Cradle of Filth's Dani Filth on the Role of Satanism in Metal
For as long as metal has been around, people have associated the sound with "The Devil" and "Satanism." Locally, it's slim pickins' finding an actual Satanic metal band to chat with. I'm not talking "dressed in black" here; I'm talking blood-guzzling, church-burning, javelina-murdering dudes donning corpse paint with greasy long black hair.
I know they are out there, though, most notably in the depths of Norway, Sweden, England, and parts of Eastern Europe. Varg and Burzum, Venom and Celtic Frost: The influence of these bands is enduring. While I haven't been able to get any of those guys on the phone, I did recently chat with Cradle of Filth frontman Dani Filth. If you Google "Satanic bands," you'll find Cradle of Filth on many lists.
But the truth regarding C.O.F. is far more complicated. Cradle of Filth has been honest about religious themes, plus they look like something straight out of the depths of hell, and they utilize religious metaphors, evil, and mythological themes. Yes, for a time Filth dabbled in Luciferianism, a belief system that reveres Lucifer not as the Devil, but as a rescuer or guiding spirit or even the true God. Currently (and for quite a while), Filth has denied Satanic slurs.
Filth is one of the sweetest interviewees I've ever talked with (maybe it's that elegant British accent). I chatted with him about what fascinates him about religion, why Satanic bands keep so quiet, and how the media portray them. Cradle of Filth's most recent album, The Manticore and Other Horrors, was released in October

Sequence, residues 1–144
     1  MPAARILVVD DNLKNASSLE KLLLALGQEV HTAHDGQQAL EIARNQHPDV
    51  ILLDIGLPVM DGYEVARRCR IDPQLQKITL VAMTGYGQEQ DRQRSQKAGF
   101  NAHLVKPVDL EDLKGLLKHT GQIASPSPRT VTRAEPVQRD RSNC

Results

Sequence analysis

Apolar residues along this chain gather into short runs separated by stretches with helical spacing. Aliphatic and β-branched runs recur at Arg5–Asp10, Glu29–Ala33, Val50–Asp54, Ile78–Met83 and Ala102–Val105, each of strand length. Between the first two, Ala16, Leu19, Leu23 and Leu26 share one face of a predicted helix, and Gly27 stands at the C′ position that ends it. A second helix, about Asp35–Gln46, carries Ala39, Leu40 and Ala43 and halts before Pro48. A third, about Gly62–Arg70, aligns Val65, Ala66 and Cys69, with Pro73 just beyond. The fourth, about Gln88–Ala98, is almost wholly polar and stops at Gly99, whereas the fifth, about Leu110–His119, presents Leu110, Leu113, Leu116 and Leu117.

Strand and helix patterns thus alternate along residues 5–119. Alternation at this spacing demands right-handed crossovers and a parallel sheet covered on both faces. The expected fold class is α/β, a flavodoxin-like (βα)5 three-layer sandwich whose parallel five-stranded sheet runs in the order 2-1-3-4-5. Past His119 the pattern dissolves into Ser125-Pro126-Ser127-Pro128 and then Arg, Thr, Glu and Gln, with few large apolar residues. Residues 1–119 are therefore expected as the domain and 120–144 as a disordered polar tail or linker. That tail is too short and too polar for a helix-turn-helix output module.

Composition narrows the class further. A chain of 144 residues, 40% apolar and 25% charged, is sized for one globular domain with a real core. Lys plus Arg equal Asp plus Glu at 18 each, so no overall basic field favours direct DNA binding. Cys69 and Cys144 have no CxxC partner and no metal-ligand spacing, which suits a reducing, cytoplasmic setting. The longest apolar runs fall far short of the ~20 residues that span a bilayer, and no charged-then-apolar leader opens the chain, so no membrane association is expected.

Up on the Sun: You've studied a range of different religions in the past, including Luciferianism. What' are your core beliefs now when I comes to religion?
Dani Filth: I grew up in a very small English village. It's always been associated with the supernatural, especially witchcraft. I don't know if you are familiar with that film, Witchfinder General, but the character was [based on] a real character. The house I used to live in, that character used to stay in. Everything was very much steeped in the supernatural where I grew up. At school, a couple girls were really into Wiccan and paganism. It grew from there, hand-in-hand, along with '80s horror movies.
Growing up in that area really shaped me and the band. In all my years, I was once a big part of some occult groups. Now I sort of cherry pick from bits of everything. I mean, my mums had a house in India for a long time, and I've embraced parts of that culture. I guess you can look at it like a Trivial Pursuit piece. I like the black piece, and a Satanic piece, but other colors as well.
No matter what religious system, they are all the same. You always have at the top a male god that rules over everything. And his counterpart always seems to be a female version. That's what I'm attracted to. Like Lilith, Artemis, Diana . . . all these female figure heads whom, without which, the male counterpart wouldn't exist. They kind of redeem each other. I find that fascinating. But it's like nature, isn't it? Nature is callous when she has to be. Humans are going to suffer, because nature's going to take back and depopulate the planet however she sees fit, whether its tsunamis and earthquakes. That's what's so interesting in that respect, is that we still have these belief systems.
You know, the first time I heard of Lilith was in that HBO series True Blood. She was a big part of that show and it very much intrigued me.
She's Jewish; she comes from Jewish mythology. Well, she was born before Eve in Jewish mythology. She was chased out of the Garden because symbolically she wanted sex on top and power over man. So they chased her out, and created a more benevolent yielding figure in Eve. And then they were happy with that. Lilith was scorned and consorted with demons apparently, and created lots of little Liliths, which apparently were the origins of the vampire species. That's not from HBO; that's from religion. [Laughs]